THR: You took a beating in June over the NPR intern flap over file sharing -- not just from the uninformed but from within your own ranks.
Lowery: Yeah, but they’re all f---ing pussies. No, seriously. Half the musicians have Stockholm syndrome. When the record companies were ripping them off, they were willing to speak out. The way it is now, there’s basically free streaming on YouTube. Unless you’re big enough to have a deal with YouTube, you don’t get any money from them. … Basically there’s an echo chamber of musicians and technology bloggers, about 600 of them, they all talk to each other, and nothing they say means shit. It has no effect in the real world.
THR: What do you think about something like Rhapsody or Spotify that potentially can scale into something good?
Lowery: Spotify will be good eventually. It’s just not good right now. Spotify is on the good, white hat side of the line. YouTube is just on the black hat side of the line -- for various reasons. Spotify basically gets your permission to put your songs on there. YouTube doesn’t. If you don’t get enough money from Spotify, or you don’t think it works for you, you can write to Spotify and take your songs off there. Or you can window your album, let the market sort it out. That’s what Spotify is doing. With YouTube, you don’t have that chance. As a consumer I love Spotify, but I haven’t bought a single album since I got it. Like that band fun.? Normally, in the past I would’ve bought the two singles. It’s catchy, I’ll be sick of it in two weeks, but I want to listen to it right now. Spotify made me not buy them.
THR: I was interested in your thoughts on Pandora and its work with the so-called Internet Radio Fairness Act?
Lowery: When people ask, "Who are the good guys/who do you like?" we, like plenty of people, always point out that Pandora as this good model and that there were things we preferred about how Pandora had conducted their business as opposed to other companies. … Here’s the CliffsNotes of what you need to know: If this bill were truly as it says about the webcasters versus traditional broadcasters, why is Clear Channel supporting it? Why is Sirius supporting it? ... Our violin player [Jonathan Segel] worked at Pandora for eight years. Sat next to [co-founder] Tim [Westergen]. So this is a little personal for us in a certain way. I’m mad that Tim has been selling this bill in such a disingenuous way. People should know is that 90 percent of this bill doesn’t have anything to do with the rates. Ninety percent of the bill has to do with other things; the broadcast, cable and satellite industries got together and had a list of shit they wanted to change. They threw it all in the bill, but it was presented as this Internet Radio Fairness Act, when that’s just a small part of the bill. … It’s kind of cheating going to Congress to ask them to change the price that artists are paid. Maybe Pandora is good for independent musicians, but can’t we do what we did in the first place, where our unions, our publishers, our trade groups all got together and negotiated a price?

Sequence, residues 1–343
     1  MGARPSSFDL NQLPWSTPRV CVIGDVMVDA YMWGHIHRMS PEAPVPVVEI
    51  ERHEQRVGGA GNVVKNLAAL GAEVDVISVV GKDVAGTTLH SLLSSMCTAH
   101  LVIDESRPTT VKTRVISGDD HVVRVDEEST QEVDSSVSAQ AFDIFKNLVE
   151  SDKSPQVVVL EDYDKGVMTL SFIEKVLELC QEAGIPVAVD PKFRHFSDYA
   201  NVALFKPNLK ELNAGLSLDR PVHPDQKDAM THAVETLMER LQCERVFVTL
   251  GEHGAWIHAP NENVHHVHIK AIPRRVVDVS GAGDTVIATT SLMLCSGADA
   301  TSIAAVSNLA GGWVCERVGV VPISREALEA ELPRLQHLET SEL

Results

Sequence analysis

THR: So how do you feel? It seems Camper’s second life has gone even better than its first.
Lowery: We were only around a month shy of seven years. It’s interesting. We’re really pleased by the response that’s coming out so far. I’m glad people get it. I don’t know when we go completely prog-rock on the next album if people will be as happy. We keep getting wacky shit like Paul Rudd wearing a CVB T-shirt in the Judd Apatow movie, This Is 40. You can’t buy that shit. So it’s a good time for Camper to come back. We also have this goal to be named the official California indie folk band. I’m serious. We’re really going to try to get ourselves named the official state something.